Magazine article The Spectator

A Crash to Remember

Magazine article The Spectator

A Crash to Remember

Article excerpt

THE MYSTERY OF OVEREND AND GURNEY by Geoffrey Elliott Methuen, £18.99, pp. 266, ISBN 0413775739 . £15.19 (plus £2.45 p&p) 0870 429 6655

One of the lessons taught in these pages over many years by Christopher Fildes was that, because financial markets are human nature in action, anything that goes wrong in them is almost certain to have happened before and highly likely to happen again. Technology may advance, the language and methods of business may evolve, the objects of speculative desire may transmute from tulip bulbs in one era to dotcom shares in another, but the propensity to err remains constant. As Geoffrey Elliott puts it at the beginning of this entertaining account of the greatest upset of the Victorian City: 'Money muddles always start the same way, when judgment is fuddled by greed, ambition and overweening self-confidence; then when problems arise, there follows an obstinate refusal to admit mistakes or the imminence of disaster.' So it was with the catastrophic failure in May 1866 of Overend, Gurney & Co, a discount house and 'banker's bank' with a turnover double that of all its competitors combined and second only to the Bank of England's, and a reputation for the 'shrewd probity' that was particularly associated with Quakerism. The Gurneys of Norfolk were one of the most respected banking dynasties in England -- and indeed both their name and their fortune survived this scandal sufficiently undented to allow them to become founding partners in Barclays Bank 30 years later.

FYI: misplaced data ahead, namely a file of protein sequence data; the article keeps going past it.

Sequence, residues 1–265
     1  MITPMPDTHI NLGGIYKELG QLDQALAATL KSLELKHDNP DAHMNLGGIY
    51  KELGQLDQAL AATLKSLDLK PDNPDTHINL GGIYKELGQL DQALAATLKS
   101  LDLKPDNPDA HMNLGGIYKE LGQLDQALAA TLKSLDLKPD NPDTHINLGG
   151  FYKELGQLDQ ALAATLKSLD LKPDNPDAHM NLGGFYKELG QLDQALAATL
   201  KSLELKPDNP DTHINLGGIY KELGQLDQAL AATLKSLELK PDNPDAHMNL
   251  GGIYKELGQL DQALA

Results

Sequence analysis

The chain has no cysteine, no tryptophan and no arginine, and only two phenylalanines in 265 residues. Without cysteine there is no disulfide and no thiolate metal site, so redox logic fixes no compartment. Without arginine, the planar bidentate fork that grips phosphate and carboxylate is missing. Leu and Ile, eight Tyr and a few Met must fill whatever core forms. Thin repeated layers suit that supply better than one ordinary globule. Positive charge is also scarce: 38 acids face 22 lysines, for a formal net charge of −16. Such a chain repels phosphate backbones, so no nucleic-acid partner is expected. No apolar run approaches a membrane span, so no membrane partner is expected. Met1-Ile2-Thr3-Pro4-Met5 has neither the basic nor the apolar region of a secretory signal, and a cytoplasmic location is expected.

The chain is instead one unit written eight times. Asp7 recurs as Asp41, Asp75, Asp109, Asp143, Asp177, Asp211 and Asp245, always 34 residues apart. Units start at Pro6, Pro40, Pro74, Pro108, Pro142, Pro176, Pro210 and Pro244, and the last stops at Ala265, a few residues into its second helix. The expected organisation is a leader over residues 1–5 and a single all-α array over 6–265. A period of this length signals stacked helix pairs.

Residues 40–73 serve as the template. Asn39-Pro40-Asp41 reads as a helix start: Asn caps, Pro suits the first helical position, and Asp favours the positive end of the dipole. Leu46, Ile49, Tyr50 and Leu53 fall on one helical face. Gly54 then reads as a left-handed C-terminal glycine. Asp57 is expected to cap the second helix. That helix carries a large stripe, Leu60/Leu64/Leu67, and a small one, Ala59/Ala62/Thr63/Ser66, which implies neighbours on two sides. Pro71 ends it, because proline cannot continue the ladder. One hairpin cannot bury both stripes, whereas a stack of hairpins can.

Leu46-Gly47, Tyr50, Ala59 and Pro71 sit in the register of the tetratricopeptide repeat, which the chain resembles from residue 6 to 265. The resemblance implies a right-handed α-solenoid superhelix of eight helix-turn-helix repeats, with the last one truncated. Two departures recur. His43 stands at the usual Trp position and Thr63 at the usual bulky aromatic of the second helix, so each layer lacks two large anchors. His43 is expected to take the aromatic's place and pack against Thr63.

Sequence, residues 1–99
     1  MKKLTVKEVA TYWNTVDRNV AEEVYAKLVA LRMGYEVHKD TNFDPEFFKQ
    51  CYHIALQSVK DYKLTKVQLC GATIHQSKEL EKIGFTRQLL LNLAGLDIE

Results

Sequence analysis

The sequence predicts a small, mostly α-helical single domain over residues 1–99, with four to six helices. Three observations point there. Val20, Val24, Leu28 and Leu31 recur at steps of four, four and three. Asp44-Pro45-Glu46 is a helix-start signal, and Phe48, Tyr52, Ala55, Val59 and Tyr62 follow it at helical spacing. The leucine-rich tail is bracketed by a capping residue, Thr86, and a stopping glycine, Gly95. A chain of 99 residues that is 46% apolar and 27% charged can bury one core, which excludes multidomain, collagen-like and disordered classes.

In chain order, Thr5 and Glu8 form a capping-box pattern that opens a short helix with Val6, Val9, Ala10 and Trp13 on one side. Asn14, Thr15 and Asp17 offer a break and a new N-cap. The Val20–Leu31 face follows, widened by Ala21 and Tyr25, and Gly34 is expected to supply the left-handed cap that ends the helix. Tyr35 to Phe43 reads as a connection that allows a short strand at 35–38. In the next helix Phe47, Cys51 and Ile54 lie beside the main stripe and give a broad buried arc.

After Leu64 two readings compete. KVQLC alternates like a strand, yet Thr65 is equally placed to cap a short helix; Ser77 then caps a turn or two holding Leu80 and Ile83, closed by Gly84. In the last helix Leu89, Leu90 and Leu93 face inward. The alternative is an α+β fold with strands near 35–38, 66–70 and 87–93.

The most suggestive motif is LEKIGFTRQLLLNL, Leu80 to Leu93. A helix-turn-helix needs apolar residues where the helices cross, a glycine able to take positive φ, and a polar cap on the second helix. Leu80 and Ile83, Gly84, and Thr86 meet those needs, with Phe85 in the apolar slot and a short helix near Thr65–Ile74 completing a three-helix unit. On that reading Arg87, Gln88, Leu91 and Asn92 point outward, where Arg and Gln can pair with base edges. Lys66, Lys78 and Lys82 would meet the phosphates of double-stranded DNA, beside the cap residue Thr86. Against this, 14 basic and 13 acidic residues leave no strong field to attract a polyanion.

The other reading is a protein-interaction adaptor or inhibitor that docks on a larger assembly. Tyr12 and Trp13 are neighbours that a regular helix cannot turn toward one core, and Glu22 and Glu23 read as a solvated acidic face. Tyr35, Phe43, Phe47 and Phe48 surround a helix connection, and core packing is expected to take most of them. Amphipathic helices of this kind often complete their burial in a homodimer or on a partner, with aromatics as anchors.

And yet in the space of three years the six partners of Overend, Gurney had ruined themselves and almost brought London's barely regulated banking system crashing down around them. They had indulged in a series of grossly ill-judged speculations on railways, ships, shipyards and other ventures; they had been seduced by an exotic gallery of rogues, bankrupts, fraudsters and middlemen, including a Greek novelist and a wheelerdealing Irish parish priest.

To make matters worse, the partners had tried to stave off disaster at a late stage by raising fresh capital through the sales of shares to investors 'lured by a prospectus that, even by the lax standards of the day, was short on hard facts and long on soft promises'. Finally the partners were sent -- by the Lord Mayor, sitting as a magistrate -- for trial on fraud charges at the Old Bailey, where the prosecution's reckless over-egging of the case against them helped them to an acquittal. …

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